Articles filed under Special Report

  • Gaining Traction (or the Slip ‘n Slide) - Part 1

    Warning to choreographers: hard work ahead. Yet, those who sign up to make dances are usually aware of the ongoing rigor involved on this path. For some artists, the mere question of how to gain traction draws silence, sighs, and even laughs, reflecting the challenging and individualized trajectory of choreographers. Illuminating current possibilities, a handful of voices from across the country share what has proved relevant to making progress and gaining momentum for creating new works in today’s challenging dance climate. Drawing from experiences of dance professionals and artists operating in solo, project-based, and company structures, Part 1 mines the personal qualities, practices, and DIY ethos of choreographers, and Part 2 (coming Thursday) addresses the role of artistic self production in the mix of platforms for delivering dance.

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  • Next Steps: Dance Theater Workshop and Bill T. Jones/Arnie Zane Dance Company Merge

    The dance community is taking a wait and see attitude when it comes to the recently announced merger between New York’s venerable Dance Theater Workshop and the Bill T. Jones/Arnie Zane Dance Company. And many observers say they are cautiously optimistic that the merger, unprecedented in the American dance world, will succeed at a time when so many groups and venues are struggling to survive.

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  • Diplomats of Dance: U.S. Companies Step into Role as Cultural Representatives Abroad -- Part 2

    The U.S. State Department began funding international dance tours in 1954 when President Dwight Eisenhower created the President’s Emergency Fund for International Activities, which funded dance, theater, music and sports tours. (Prior to 1954, other government entities, including the CIA, provided occasional support for dance companies’ international appearances.)

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  • Düsseldorf, Dance/USA, and the Case for American Engagement -- Part 1

    A number of U.S. choreographers and dancers continue to spend a fair portion of their time creating work and teaching in Europe—having decided that rather than sitting in America and complaining about how much more funding is available on the other side of the Atlantic, they’d rather crash the party and avail themselves of some of it. These resultant cross-cultural collaborative projects are a vital (perhaps even the most significant) part of the ongoing dialogue between the United States and the rest of the world.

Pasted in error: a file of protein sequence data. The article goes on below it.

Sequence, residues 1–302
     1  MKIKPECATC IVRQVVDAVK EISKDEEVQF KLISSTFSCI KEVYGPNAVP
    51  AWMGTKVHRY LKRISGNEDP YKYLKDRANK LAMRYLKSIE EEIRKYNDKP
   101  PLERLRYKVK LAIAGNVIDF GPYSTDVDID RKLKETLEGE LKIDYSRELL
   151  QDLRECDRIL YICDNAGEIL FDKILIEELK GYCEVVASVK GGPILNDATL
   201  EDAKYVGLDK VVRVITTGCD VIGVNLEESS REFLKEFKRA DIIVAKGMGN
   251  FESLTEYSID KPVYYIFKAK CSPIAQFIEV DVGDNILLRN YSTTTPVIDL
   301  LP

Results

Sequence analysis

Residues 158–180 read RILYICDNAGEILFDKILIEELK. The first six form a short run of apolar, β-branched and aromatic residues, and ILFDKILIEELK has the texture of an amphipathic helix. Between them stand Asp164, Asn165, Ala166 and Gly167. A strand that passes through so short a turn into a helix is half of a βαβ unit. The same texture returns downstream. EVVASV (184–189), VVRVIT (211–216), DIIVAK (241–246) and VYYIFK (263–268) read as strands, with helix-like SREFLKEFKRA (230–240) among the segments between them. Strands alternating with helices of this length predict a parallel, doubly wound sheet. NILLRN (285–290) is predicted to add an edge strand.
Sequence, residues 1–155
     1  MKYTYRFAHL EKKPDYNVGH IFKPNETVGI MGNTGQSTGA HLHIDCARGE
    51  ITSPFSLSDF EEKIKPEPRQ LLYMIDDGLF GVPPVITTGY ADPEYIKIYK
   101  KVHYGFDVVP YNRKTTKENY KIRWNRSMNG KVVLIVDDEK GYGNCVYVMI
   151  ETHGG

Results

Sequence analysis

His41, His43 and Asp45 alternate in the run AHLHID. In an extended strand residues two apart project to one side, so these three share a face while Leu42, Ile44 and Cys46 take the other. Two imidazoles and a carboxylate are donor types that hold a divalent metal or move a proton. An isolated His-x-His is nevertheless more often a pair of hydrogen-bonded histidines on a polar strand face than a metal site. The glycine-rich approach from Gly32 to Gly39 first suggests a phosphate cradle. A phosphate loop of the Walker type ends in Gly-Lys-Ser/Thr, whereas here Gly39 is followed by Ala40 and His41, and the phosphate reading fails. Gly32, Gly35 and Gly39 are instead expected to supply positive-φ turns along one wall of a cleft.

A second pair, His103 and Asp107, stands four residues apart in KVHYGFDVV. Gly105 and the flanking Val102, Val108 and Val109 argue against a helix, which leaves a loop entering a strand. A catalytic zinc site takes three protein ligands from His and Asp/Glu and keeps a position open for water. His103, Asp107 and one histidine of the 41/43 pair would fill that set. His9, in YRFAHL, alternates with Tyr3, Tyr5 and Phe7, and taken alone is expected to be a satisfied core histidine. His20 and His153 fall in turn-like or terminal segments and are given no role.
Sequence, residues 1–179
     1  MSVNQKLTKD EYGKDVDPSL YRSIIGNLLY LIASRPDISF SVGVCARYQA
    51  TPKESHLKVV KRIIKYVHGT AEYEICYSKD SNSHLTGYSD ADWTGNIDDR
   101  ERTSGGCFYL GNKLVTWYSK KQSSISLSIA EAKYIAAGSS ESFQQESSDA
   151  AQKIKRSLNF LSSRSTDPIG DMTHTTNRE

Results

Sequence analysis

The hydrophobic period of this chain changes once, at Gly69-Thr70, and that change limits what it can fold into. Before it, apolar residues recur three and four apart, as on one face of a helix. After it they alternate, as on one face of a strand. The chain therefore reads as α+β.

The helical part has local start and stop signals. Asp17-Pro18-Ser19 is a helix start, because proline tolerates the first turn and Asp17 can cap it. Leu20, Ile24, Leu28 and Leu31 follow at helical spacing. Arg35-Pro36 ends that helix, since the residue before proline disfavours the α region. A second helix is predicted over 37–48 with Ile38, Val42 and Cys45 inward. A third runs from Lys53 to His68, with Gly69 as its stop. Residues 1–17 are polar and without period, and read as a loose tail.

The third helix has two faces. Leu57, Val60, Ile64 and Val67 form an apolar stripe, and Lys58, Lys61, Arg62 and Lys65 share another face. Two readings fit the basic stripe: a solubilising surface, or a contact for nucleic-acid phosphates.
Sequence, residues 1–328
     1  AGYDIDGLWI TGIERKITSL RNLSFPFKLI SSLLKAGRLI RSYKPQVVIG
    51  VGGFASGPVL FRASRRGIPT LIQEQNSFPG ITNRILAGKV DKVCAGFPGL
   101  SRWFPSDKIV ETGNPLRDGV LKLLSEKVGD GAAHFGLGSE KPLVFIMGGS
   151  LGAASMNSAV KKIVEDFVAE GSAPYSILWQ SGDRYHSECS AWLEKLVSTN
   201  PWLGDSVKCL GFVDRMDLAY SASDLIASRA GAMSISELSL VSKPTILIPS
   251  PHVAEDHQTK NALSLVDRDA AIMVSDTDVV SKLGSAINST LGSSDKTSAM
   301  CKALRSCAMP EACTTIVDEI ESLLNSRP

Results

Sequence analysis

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  • Düsseldorf, Dance/USA, and the Case for American Engagement -- Part 2

    Increasing funding so that the Americans have at least a fighting chance of matching the support dedicated by other countries is one of the keys to ensuring a greater U.S. presence in the international dance world. It is also about stretching existing assets and using them in a smarter and more cost-effective fashion, collaborating to leverage new resources, and cooperating to share the knowledge, burdens, and costs that come with doing business.

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  • First Lady Michelle Obama Expands the White House Dance Card

    The White House billed it as the first dance event. Yet, the gilded East Room has hosted its share of dance over the years, including performances by American Ballet Theatre and Jerome Robbins’ Ballets: USA during the Kennedy Administration; Patricia McBride and a chandelier-grazing Mikhail Baryshnikov during the Carter Administration; and a strut-worthy cast of alumni from “A Chorus Line” glammed it up during Reagan’s Administration. In 1998, under the Clinton Administration, tap dance savant Savion Glover brought a band of rhythm tappers, old school hoofers like Jimmy Slyde, and Broadway legends Karen Ziemba and Bebe Neuwirth. Then in 2006 President George W. Bush and Mrs. Bush honored Arthur Mitchell by showcasing Dance Theatre of Harlem.

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Covering the business of dance for dancers, choreographers, administrators, dance organizations and foundations with news, commentary and discussion of issues relevant to the field.
Editor: Lisa Traiger

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